• Intelligent sensing technologies;
  • IoT platform integration;
  • IoT interoperability;
  • Cloud, edge, and fog computing for smart agriculture;
  • Wireless sensor networks;
  • Security, privacy, and trust;
  • Systems of IoT systems;
  • Software ecosystems;
  • Integration IoT and ERP;
  • Artificial intelligence and machine learning;
  • IoT-based decision support;
  • IoT reference architectures for agriculture and food;
  • Data governance and ethics;
  • Business models;
  • IoT adoption;
  • Innovative case studies;

Literature reviews on the state of the art and challenges.

Dr. Cor Verdouw
Prof. Dr. Bedir Tekinerdogan
Dr. Sjaak Wolfert
Guest Editors

Manuscript Submission Information

Manuscripts should be submitted online at www.mdpi.com by registering and logging in to this website. Once you are registered, click here to go to the submission form. Manuscripts can be submitted until the deadline. All submissions that pass pre-check are peer-reviewed. Accepted papers will be published continuously in the journal (as soon as accepted) and will be listed together on the special issue website. Research articles, review articles as well as short communications are invited. For planned papers, a title and short abstract (about 100 words) can be sent to the Editorial Office for announcement on this website.

Submitted manuscripts should not have been published previously, nor be under consideration for publication elsewhere (except conference proceedings papers). All manuscripts are thoroughly refereed through a single-blind peer-review process. A guide for authors and other relevant information for submission of manuscripts is available on the Instructions for Authors page. Sensors is an international peer-reviewed open access semimonthly journal published by MDPI.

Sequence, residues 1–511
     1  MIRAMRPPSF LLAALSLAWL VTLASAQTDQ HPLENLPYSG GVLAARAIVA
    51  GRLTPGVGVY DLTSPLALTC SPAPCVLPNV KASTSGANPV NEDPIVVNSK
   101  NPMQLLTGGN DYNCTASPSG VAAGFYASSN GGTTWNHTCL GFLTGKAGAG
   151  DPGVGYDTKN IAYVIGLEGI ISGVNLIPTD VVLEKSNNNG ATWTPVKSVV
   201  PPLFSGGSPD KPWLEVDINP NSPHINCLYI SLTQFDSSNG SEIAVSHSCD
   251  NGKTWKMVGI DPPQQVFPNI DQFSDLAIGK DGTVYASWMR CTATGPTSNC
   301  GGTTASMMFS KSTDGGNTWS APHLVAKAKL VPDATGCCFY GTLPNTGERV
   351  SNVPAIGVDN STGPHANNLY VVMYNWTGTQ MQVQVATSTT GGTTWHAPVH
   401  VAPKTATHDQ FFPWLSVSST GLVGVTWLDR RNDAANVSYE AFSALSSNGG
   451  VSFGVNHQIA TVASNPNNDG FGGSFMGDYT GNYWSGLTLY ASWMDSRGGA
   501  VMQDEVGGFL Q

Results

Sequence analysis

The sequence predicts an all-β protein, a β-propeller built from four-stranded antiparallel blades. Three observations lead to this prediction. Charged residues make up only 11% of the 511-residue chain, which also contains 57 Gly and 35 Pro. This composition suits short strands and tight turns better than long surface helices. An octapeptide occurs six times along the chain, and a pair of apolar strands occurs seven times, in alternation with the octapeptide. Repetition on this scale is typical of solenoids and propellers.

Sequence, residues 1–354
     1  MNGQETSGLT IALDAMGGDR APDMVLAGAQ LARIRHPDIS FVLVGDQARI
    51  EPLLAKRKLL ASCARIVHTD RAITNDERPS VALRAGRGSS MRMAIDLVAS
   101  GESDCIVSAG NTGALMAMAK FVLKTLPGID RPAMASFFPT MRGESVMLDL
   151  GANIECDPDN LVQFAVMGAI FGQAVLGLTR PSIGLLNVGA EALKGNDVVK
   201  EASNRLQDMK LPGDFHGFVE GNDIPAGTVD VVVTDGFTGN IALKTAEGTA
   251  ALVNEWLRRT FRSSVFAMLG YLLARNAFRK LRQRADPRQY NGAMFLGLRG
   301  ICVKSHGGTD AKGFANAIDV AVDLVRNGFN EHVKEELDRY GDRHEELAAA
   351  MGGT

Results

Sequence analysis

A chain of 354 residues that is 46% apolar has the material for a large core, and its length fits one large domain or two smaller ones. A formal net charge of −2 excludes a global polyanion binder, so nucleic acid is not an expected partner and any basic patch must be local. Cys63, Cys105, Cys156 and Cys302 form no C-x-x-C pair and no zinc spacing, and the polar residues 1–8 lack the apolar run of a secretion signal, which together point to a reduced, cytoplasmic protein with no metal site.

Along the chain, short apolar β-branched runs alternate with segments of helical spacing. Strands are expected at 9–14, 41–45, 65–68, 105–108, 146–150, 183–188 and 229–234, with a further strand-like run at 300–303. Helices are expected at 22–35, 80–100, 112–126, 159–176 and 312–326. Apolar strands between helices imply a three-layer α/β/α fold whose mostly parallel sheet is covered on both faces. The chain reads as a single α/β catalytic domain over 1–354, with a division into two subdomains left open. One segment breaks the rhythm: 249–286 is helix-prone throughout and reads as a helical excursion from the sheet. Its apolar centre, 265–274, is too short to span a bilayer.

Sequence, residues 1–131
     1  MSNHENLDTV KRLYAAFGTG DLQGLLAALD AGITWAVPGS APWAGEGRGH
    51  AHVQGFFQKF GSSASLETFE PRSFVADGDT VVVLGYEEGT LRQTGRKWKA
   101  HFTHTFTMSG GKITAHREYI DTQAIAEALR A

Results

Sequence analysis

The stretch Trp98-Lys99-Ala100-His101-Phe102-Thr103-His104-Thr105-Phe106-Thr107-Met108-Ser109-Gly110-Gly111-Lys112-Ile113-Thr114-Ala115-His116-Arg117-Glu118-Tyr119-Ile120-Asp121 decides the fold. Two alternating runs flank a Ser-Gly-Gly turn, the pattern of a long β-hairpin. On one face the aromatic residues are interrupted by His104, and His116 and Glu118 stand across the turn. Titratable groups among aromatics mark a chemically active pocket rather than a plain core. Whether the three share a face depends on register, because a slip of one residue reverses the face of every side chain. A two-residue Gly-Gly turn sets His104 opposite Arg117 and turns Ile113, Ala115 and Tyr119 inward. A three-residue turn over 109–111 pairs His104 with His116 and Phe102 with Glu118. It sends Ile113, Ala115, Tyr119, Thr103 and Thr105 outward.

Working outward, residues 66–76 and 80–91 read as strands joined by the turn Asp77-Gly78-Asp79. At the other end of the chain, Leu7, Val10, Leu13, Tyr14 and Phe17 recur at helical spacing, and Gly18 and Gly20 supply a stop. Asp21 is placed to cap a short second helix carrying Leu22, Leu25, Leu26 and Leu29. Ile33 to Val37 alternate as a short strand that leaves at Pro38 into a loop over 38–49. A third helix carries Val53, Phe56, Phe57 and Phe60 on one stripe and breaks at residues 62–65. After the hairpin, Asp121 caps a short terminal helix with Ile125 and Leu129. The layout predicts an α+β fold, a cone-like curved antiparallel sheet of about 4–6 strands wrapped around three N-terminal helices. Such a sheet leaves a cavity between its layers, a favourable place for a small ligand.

Please visit the Instructions for Authors page before submitting a manuscript. The Article Processing Charge (APC) for publication in this open access journal is 2400 CHF (Swiss Francs). Submitted papers should be well formatted and use good English. Authors may use MDPI's English editing service prior to publication or during author revisions.

Keywords

  • smart farming
  • food supply chains
  • internet-of-things technologies
  • data-driven applications/services
  • distributed intelligent sensor networks and applications
  • low-power wireless connectivity
  • wireless sensor networks
  • software architecture
  • business models
  • adoption
  • machine learning
  • artificial intelligence

Published Papers (4 papers)

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Research

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Article
Systems Architecture Design Pattern Catalog for Developing Digital Twins
Sensors 2020, 20(18), 5103; https://doi.org/10.3390/s20185103 - 07 Sep 2020
Cited by 9 | Viewed by 2860
Abstract
A digital twin is a digital replica of a physical entity to which it is remotely connected. A digital twin can provide a rich representation of the corresponding physical entity and enables sophisticated control for various purposes. Although the concept of the digital [...] Read more.
A digital twin is a digital replica of a physical entity to which it is remotely connected. A digital twin can provide a rich representation of the corresponding physical entity and enables sophisticated control for various purposes. Although the concept of the digital twin is largely known, designing digital twins based systems has not yet been fully explored. In practice, digital twins can be applied in different ways leading to different architectural designs. To guide the architecture design process, we provide a pattern-oriented approach for architecting digital twin-based systems. To this end, we propose a catalog of digital twin architecture design patterns that can be reused in the broad context of systems engineering. The patterns support the various phases in the systems engineering life cycle process, and are described using a well-defined pattern documentation template. For illustrating the application of digital twin patterns, we adopt a multi-case study approach in the agriculture and food domain. Full article